Tuesday, May 18, 2010

Utilitarian vs. "deep green" views of Nature.

In the book "Complexities: Social studies of Knowledge Practices" Charis Thompson writes an interesting chapter about how scientist's differing views on the value of nature, in this case elephants, shaped the policy prescriptions they espoused on how to deal with the problem of "elephant compression" i.e. too many elephants in too small a place.

In Korea coastal and marine scientists, at least when advising on government policy, are still almost universally utilitarian in their view of nature. National Parks are promoted as tourism opportunities and in any case their boundaries do not stop local communities from extracting natural resources within them. Dadohae National Marine Park is teeming with aquacultural, mostly abalone, farms. In order to clean up marine debris, both from the farms and other maritime activities, MOMAF paid marine resource users to pick it up, though one report on the project's outcomes noted that it had made little progress in persuading them that there was anything inherently wrong with throwing trash into the sea.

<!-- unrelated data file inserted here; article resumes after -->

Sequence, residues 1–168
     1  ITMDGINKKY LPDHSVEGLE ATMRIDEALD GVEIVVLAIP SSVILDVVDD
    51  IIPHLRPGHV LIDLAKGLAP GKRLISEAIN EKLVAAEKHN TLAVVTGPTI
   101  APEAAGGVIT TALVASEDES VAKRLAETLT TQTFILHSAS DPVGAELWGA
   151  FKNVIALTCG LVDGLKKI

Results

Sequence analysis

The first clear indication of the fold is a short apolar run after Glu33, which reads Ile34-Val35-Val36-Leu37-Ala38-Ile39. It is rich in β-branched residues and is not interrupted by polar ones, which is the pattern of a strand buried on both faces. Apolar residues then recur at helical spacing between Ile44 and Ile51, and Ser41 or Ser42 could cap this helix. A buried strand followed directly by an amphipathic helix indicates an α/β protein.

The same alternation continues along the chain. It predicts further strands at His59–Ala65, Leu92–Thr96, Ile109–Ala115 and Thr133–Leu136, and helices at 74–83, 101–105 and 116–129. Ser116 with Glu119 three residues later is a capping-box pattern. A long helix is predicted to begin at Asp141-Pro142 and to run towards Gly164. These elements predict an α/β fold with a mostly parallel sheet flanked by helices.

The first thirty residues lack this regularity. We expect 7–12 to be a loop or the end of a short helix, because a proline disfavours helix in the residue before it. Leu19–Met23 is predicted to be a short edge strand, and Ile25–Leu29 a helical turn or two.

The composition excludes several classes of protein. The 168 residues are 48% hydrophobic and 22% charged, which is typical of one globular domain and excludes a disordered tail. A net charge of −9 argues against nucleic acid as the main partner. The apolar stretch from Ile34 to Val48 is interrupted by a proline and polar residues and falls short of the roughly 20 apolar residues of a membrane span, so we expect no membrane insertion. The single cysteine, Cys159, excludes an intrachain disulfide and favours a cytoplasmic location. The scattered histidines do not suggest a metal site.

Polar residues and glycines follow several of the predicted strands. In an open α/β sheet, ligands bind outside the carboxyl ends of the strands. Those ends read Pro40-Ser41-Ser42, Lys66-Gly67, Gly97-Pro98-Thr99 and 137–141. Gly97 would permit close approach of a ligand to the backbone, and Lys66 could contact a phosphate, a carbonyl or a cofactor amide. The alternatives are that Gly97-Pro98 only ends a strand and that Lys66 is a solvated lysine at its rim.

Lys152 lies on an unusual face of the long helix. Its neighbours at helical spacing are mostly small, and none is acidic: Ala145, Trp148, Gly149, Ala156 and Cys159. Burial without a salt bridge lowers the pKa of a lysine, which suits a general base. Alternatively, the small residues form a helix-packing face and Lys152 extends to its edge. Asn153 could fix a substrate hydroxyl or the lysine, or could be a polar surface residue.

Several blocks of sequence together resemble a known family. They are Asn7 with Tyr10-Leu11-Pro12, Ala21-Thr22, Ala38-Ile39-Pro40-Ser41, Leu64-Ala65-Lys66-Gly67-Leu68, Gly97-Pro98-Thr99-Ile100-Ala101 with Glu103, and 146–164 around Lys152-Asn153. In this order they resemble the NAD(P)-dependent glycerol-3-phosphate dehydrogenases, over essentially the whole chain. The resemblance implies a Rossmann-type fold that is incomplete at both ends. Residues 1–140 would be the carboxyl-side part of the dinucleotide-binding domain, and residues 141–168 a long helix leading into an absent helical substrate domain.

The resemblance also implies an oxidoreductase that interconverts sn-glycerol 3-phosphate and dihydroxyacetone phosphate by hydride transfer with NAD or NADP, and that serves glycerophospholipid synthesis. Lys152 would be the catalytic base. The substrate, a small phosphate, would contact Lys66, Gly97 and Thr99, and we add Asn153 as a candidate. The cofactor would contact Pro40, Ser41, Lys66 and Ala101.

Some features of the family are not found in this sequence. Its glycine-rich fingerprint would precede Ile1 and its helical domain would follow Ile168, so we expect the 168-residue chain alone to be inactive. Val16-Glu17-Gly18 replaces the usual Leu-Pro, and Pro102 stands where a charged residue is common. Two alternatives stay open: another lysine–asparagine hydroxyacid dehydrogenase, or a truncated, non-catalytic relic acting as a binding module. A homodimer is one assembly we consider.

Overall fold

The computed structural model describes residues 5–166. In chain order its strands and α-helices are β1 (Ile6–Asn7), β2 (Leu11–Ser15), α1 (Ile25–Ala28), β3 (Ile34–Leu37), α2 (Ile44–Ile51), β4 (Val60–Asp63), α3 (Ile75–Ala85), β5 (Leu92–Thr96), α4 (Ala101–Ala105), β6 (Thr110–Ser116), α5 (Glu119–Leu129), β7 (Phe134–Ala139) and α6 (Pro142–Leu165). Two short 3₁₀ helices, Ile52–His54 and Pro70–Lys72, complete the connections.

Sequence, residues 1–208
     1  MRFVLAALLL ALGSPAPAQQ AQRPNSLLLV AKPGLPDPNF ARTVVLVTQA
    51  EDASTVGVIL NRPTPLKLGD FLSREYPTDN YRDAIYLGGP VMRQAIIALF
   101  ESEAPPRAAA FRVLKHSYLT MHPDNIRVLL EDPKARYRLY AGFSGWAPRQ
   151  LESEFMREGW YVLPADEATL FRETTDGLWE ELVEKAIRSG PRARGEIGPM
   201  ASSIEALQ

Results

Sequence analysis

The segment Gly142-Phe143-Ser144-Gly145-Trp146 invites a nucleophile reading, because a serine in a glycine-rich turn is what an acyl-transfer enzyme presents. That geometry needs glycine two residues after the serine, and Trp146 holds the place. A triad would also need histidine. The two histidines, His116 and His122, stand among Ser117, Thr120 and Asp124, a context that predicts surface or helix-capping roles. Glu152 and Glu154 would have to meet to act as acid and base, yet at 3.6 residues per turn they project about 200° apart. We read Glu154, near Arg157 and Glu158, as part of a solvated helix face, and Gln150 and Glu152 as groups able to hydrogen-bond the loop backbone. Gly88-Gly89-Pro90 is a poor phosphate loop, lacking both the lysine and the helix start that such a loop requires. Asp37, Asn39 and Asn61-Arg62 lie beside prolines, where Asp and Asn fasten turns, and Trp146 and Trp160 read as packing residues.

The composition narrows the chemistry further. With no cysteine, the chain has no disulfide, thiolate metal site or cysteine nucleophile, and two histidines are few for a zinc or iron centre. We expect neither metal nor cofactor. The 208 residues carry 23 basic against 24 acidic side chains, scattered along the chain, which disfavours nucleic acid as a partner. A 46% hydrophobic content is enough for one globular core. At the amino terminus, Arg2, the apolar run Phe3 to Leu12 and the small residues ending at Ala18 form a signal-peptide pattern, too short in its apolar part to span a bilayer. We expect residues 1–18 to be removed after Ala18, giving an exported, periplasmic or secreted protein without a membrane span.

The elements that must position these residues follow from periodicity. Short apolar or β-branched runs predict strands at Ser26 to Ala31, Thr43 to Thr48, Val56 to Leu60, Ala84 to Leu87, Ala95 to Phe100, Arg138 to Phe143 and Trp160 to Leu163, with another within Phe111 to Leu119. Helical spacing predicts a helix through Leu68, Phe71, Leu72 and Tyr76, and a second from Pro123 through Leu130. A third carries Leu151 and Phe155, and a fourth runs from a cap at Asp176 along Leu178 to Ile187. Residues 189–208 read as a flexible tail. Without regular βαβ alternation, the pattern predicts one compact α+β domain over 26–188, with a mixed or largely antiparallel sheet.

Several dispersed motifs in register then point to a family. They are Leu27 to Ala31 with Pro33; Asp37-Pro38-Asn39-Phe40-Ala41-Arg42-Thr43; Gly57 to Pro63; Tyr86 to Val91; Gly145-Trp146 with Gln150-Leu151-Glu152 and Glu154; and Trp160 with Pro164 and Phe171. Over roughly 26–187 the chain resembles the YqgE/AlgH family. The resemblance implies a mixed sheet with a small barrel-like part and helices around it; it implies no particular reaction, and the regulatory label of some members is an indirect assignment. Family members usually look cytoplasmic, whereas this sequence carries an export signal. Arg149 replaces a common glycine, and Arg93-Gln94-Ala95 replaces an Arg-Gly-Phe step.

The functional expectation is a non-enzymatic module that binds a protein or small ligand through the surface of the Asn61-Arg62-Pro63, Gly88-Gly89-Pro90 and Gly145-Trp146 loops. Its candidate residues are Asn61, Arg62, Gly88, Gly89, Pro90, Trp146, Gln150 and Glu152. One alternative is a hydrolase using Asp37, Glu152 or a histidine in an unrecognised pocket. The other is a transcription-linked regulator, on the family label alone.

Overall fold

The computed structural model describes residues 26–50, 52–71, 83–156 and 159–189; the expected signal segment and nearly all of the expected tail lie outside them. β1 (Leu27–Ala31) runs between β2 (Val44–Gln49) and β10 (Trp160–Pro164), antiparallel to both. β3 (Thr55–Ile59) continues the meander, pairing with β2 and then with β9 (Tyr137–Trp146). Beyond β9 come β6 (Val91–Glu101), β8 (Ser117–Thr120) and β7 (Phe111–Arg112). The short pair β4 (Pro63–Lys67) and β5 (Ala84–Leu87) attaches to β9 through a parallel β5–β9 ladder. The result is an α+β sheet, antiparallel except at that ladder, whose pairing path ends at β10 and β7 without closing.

One point that Thompson tried to make was that appeals to science cannot resolve management problems and that complex relationships existent between the political, scientific, and cultural realities that can not be neatly disentangled and prioritized.
Therefore the reasons why, and our responses to, the fact that many Korean marine resource users do not see anything inherently wrong with throwing trash into the ocean, or conversely, the fact that most Westerners do, must be approached with an awareness of how political, cultural, and scientific understandings have interacted with each other in specific places and times.


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